Based on the study results from in vitro and in vivo tests, the generic extended release nifedipine product has a delayed onset of drug release compared to the originator which is especially noticeable in the fed state. When the tablet is taken after a standard high fat meal, the total exposure to the generic nifedipine is almost 20 per cent lower than with Adalat(R) XL(R).
"With drugs like nifedipine, we see a close relationship between plasma concentration and efficacy. A change in bioavailability could impact blood pressure," said principal investigator Dr. Frank Donath from SocraTec R&D, Oberursel, Germany. "Since it is widely accepted that small reductions in blood pressure can reduce long-term mortality, these findings may be relevant to physicians treating hypertensive patients."
The single centre, open-label, randomized phase I study was carried out with 26 healthy male subjects. Using a 4-period crossover study design, the participants were given 60 mg of either a Canadian marketed batch of the generic product (Mylan-Nifedipine extended release 60 mg formerly Gen-Nifedipine extended release 60mg, Genpharm ULC) or Bayer's once-daily nifedipine product (marketed in Canada as Adalat(R) XL(R)) either in a fed or a fasting state. Blood sampling was conducted regularly throughout the study to determine the plasma concentration of nifedipine.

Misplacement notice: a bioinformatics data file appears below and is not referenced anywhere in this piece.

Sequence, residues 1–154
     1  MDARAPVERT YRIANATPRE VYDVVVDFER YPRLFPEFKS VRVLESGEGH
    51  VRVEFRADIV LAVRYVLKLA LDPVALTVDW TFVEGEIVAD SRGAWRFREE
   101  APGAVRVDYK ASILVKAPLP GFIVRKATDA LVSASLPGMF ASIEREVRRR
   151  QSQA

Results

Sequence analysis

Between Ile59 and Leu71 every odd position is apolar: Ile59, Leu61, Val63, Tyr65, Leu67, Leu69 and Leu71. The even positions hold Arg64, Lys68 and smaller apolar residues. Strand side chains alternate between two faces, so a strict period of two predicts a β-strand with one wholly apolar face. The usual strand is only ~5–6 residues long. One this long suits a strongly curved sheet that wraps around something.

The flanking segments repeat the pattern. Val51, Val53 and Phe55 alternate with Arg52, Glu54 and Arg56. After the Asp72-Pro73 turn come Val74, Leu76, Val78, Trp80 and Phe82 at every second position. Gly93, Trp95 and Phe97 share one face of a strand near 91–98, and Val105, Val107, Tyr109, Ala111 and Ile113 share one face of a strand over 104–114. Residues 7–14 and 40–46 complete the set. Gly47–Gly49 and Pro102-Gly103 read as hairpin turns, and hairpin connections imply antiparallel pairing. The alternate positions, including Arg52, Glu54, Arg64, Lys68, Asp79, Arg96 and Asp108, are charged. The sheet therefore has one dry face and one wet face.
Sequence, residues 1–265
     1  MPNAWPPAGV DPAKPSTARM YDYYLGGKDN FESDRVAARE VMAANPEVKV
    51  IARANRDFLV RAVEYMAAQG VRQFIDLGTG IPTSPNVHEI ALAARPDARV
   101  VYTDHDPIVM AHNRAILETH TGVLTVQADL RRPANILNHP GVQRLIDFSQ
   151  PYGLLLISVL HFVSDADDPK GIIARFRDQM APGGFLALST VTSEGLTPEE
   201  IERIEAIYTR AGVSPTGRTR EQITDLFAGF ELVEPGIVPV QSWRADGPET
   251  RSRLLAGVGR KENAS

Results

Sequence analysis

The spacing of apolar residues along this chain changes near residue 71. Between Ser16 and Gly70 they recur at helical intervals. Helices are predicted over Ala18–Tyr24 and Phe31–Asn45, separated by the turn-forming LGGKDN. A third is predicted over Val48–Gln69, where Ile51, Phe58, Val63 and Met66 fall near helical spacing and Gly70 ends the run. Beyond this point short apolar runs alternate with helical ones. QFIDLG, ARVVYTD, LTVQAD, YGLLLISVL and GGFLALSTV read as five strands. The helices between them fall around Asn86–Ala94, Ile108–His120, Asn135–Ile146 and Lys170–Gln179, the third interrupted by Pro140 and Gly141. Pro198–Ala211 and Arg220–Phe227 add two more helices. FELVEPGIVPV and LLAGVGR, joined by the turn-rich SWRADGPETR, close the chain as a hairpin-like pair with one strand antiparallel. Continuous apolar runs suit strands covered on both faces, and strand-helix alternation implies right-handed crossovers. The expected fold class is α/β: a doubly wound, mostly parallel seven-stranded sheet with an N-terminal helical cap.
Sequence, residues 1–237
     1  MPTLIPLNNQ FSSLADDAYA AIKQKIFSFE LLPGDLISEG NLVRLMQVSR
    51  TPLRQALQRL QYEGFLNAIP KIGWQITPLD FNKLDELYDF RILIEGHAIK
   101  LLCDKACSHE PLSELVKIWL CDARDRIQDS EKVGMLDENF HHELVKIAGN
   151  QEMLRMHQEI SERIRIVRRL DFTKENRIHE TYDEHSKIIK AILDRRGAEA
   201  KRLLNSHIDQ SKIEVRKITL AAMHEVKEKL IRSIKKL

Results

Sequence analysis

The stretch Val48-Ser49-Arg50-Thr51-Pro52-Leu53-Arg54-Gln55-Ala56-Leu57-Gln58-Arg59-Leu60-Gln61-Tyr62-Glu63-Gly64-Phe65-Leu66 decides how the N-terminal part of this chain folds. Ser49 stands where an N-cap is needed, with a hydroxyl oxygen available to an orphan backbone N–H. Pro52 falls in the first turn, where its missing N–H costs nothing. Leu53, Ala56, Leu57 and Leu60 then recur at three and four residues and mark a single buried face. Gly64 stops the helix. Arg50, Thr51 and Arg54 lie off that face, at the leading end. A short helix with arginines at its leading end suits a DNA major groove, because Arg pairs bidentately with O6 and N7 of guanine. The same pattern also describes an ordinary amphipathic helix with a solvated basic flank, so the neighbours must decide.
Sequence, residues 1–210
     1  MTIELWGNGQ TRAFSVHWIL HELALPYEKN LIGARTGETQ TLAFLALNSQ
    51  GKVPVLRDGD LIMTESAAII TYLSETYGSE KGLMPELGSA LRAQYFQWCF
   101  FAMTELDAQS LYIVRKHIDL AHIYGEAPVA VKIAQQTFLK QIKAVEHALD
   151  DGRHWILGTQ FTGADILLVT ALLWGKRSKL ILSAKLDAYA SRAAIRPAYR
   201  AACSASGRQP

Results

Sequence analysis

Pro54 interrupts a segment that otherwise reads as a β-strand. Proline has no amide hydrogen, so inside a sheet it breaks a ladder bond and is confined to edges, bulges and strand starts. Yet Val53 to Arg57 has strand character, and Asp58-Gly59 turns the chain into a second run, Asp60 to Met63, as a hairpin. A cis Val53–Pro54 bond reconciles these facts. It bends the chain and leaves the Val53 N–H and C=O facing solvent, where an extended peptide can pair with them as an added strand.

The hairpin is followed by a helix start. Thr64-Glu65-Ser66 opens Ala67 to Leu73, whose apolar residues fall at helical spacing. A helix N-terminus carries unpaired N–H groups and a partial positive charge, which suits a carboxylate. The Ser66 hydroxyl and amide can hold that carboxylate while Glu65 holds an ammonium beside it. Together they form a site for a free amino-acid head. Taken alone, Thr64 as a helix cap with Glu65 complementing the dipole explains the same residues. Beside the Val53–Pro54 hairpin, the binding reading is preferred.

An in vitro dissolution test was carried out prior to the study. The in vitro dissolution curves show a later onset and considerably lower quantity of nifedipine release from the generic nifedipine compared to Bayer's once-daily nifedipine product. These differences in the completeness of drug release were also observed in the pharmacokinetic study. The total exposure of the generic nifedipine was nearly 20 per cent lower than with Bayer's once-daily nifedipine product in the fed state and almost 10 per cent lower in the fasting state.
"It is fairly common to assume that prescription medicines that become available on a generic basis can automatically be used in place of the original product," said Shurjeel Choudhri, Head, Medical and Scientific Affairs, Bayer Inc. "These study results indicate that the generic version does not match the unique pharmacokinetic properties of Adalat(R) XL(R). As a company, we encourage health care providers to carefully evaluate their patients who switch to this generic medication to determine if optimal results are being achieved."
While a number of previous studies have shown that several generic nifedipine products are not bioequivalent to Adalat(R) XL(R), this study is the first and only published one to compare the originator head to head with a generic nifedipine formulation based on the gastro intestinal intestinal therapeutic system (GITS) principle.